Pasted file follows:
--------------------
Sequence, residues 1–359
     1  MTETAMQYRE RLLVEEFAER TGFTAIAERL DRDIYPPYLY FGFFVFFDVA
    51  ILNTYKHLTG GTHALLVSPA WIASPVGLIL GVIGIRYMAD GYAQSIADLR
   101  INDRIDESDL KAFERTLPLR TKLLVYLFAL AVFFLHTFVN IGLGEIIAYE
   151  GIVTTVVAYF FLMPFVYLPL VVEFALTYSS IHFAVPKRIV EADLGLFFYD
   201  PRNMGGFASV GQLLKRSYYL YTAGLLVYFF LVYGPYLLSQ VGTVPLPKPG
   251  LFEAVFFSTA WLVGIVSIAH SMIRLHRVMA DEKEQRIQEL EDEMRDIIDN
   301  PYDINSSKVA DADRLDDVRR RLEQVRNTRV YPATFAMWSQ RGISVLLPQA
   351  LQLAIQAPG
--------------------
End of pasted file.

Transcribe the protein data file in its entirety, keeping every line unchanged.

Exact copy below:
Sequence, residues 1–359
     1  MTETAMQYRE RLLVEEFAER TGFTAIAERL DRDIYPPYLY FGFFVFFDVA
    51  ILNTYKHLTG GTHALLVSPA WIASPVGLIL GVIGIRYMAD GYAQSIADLR
   101  INDRIDESDL KAFERTLPLR TKLLVYLFAL AVFFLHTFVN IGLGEIIAYE
   151  GIVTTVVAYF FLMPFVYLPL VVEFALTYSS IHFAVPKRIV EADLGLFFYD
   201  PRNMGGFASV GQLLKRSYYL YTAGLLVYFF LVYGPYLLSQ VGTVPLPKPG
   251  LFEAVFFSTA WLVGIVSIAH SMIRLHRVMA DEKEQRIQEL EDEMRDIIDN
   301  PYDINSSKVA DADRLDDVRR RLEQVRNTRV YPATFAMWSQ RGISVLLPQA
   351  LQLAIQAPG